platelet count above 20,000 to 30,000 platelets per microliter throughout pregnancy and above 50,000 near term. A higher count between
80,000 and 100,000 per microliter would be required for an epidural anesthesia
Only a very small percent of babies born to mothers with ITP have low platelets at birth. Attempting to measure the platelet count of the
fetus carries significant risk, so it is not advised. However, it is fine to do a cord blood count after delivery.2
Breastfeeding
Breastfeeding can be safely accomplished following pregnancies complicated by ITP or gestational thrombocytopenia. There is concern
among some physicians because anti-platelet antibodies can be passed to the newborn in the colostrum of ITP mothers. However, there is
no evidence that children breastfed by ITP mothers are at elevated risk.
Background
Thrombocytopenia is common in mothers and newborns and usually is caused by an increased rate of platelet destruction. The reference
range of a normal plateletcount in nonpregnant women and newborns is 150,000-400,000/L; however, mean platelet counts in pregnant
women generally are lower. Thrombocytopenia in pregnancy has many common causes, including gestational thrombocytopenia, viral and
bacterial infections, and preeclampsia complicated by hemolysis, elevated liver enzymes, and low platelet (HELLP) syndrome. This article
focuses on the immune thrombocytopenias, immune thrombocytopenic purpura (ITP) and neonatal alloimmune thrombocytopenia
(NAIT). These relatively rare causes of thrombocytopenia are important, as neonatal outcomes can be significantly impaired and
subsequent pregnancies can be affected. (See images below.)
Pathophysiology
Thrombocytopenia in ITP occurs because of platelet destruction mediated by platelet autoantibodies directed against cell surface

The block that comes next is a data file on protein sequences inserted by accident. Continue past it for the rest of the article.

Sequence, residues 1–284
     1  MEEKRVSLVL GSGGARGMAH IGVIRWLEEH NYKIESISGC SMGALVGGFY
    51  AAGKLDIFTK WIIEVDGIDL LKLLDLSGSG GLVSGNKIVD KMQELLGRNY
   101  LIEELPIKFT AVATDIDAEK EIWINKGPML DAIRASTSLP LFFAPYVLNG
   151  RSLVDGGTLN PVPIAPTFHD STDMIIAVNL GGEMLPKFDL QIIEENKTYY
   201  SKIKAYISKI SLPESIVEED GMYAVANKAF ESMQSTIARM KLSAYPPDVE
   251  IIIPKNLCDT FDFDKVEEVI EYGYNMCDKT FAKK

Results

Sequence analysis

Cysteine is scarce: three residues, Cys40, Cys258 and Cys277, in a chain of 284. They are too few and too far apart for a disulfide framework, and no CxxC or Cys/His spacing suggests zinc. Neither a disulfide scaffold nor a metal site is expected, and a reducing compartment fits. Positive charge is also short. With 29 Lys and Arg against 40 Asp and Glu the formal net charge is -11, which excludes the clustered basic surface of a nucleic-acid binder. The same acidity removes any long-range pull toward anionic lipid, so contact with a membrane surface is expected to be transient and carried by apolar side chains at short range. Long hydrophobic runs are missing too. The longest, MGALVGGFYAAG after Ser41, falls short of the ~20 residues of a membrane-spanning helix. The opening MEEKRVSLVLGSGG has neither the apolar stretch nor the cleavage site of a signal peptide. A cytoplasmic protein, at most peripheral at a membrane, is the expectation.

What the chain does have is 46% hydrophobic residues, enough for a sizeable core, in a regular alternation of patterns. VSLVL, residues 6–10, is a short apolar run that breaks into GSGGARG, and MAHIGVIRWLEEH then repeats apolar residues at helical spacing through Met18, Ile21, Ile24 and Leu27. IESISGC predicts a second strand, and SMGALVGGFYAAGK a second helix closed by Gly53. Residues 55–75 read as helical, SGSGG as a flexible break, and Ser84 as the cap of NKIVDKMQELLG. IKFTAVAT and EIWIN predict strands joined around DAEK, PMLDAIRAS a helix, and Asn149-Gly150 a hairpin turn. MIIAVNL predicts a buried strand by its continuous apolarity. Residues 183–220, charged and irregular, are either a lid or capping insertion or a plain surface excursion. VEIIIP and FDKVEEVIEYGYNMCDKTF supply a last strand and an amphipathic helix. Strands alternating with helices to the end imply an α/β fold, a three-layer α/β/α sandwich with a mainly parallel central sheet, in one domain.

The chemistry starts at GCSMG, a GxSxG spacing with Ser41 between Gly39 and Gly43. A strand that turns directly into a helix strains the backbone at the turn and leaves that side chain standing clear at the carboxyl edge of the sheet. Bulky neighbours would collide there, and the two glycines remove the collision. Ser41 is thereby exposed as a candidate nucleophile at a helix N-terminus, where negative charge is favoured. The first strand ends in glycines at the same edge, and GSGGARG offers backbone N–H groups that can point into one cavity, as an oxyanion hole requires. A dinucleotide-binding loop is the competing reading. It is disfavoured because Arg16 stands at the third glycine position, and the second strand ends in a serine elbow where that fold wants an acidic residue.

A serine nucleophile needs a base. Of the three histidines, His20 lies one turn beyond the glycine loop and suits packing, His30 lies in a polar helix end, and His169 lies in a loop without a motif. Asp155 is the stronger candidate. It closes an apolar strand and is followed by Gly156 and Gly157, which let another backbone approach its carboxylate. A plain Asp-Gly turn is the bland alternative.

antigens. The reticuloendothelial system destroys platelet/antibody complexes. These autoantibodies can cross the placenta; thus, both
mother and newborn can be affected.
NAIT is caused by maternal immunization against fetal paternally derived platelet-specific antigens (similar to rhesus [Rh] disease). The
mother has a normal platelet count, while the fetus can be severely thrombocytopenic.

Epidemiology
Frequency
United States
The frequency of ITP has been reported to be 1-2 cases per 1000 deliveries in the United States.[1] ITP can be diagnosed during pregnancy,
though, most often, women present for prenatal care with a history of the disorder.
The frequency of NAIT is estimated at 1-2 cases per thousand deliveries
Mortality/Morbidity
Maternal hemorrhage at time of birth is a risk in women with ITP, particularly if the platelet count decreases to less than 20,000/L.
However, no maternal deaths have been reported in the last 20 years,[6] and maternal morbidity is minimal if appropriate therapy is
administered during pregnancy and childbirth. Neonatal thrombocytopenia due to the active transport of antiplatelet antibodies through
the placenta is a clinically more significant problem, and it occurred in 9 of 66 (13.6%) pregnancies complicated by ITP in one review.[7] Of
these infants, 5 of 66 (7.5%) had severe thrombocytopenia, with platelet counts less than 50,000/L. Splenectomy prior to pregnancy was
the only risk factor associated with the development of neonatal thrombocytopenia by logistic regression analysis.
Severe neonatal thrombocytopenia places the infant at risk for intracranial or visceral hemorrhage. None of the 9 thrombocytopenic